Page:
Pop quiz: what’s the one resource every aspiring information broker and independent researcher should read, re-read, and keep handy on his or her desk? The recently released second edition of Mary Ellen Bates’ Building & Running a Successful Research Business (CyberAge Books/Information Today, Inc.).
Subtitled “A Guide for the Independent Information Professional,” the second edition of this popular and practical guide is even more useful than the first edition (2003), because so much has changed in the ensuing seven years. Bates captures this perfectly in her introduction:
When I wrote the first edition of this book, blogs were a novelty; Google’s ad server was cranking out ads so fast that it ran out of “inventory” (not enough advertisers for the space available); and “knowledge management” was the hot new job title. What I find most exciting about what has happened since the early 2000s is that what was then only available to the big players is probably now just an app you can download to your phone.
Changes in the Second Edition
No surprise, the myriad changes that have taken place in the information world have had a huge impact on how information researchers do their work. These changes have been reflected and interwoven throughout the book’s four sections (Getting Started, Running the Business, Marketing, and Researching) in many ways, including as added or revised text, additional resources, and new checklists that help you put into action the recommendations made in the chapters.
But in addition to the wealth of new information, the book retains its original strengths: well-organized, actionable, practical expertise delivered in a supportive, engaging, and very accessible style. Bates remembers well what that first day as an independent information entrepreneur felt like, and it’s clear in the book that she feels your pain – and shares your exhilaration.
Of Special Interest to…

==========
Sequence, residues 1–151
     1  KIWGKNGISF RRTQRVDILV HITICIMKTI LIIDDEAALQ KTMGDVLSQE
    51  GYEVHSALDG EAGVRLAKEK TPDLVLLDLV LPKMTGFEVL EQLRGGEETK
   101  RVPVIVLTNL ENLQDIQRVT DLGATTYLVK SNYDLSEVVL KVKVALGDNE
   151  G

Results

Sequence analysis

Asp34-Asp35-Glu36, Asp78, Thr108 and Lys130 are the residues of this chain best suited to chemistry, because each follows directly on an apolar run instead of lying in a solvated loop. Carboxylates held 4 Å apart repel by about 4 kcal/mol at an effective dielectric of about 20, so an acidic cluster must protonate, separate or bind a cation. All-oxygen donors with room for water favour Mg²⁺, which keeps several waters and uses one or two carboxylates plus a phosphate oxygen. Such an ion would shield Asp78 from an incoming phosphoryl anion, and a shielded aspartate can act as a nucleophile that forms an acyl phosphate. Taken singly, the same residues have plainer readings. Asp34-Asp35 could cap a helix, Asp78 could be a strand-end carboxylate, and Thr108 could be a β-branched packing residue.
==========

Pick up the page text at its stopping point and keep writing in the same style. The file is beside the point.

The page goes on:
Those of you at the “thinking about” stage will want to check out Chapter 3, “The Joys and Frustrations of Being an Independent Info Pro,” and Chapter 4, “Are You a Potential Independent Info Pro?” Those who’ve already taken the leap and find themselves wondering how to manage the business more effectively will benefit from the very detailed, practical guidance offered in the “Running the Business” chapters.
For research how-to, chapters like “Thinking Like a Researcher,” “Web Research 101,” “Professional Online Services,” and “Deliverables,” provide step-by-step advice for building your research expertise and client value, while “Other Services You Can Offer” provides insight into how to add additional revenue streams to your basic research offerings.
The Biggest Challenge
Based on my experience as an independent information professional, however, and the experience of colleagues (and students considering becoming independent researchers), I’d say perhaps the must-read (and re-read) section of the book is the third one, Marketing.
You simply cannot succeed if you can’t market your services, and this is a major perceived obstacle among those who might otherwise follow this career path. In this section’s eight chapters, Bates identifies what to do, how to do it, when to do it, and when to do it again. The message: marketing is critical to your success, it’s ongoing, but it’s also doable. (And if you’re still stumped, you can sign up for the author’s newsletter for research and marketing tips, or work with her directly via her coaching service.)
Building Toward Success
This new edition of Building & Running a Successful Research Business is a must-have for independent researchers, but it’s also valuable for those of us who do more independent information creation than research.
Being a good researcher or content developer is one thing; being able to build a successful business with those skills is quite a different challenge. The new edition of this classic work will help you meet that challenge, and succeed.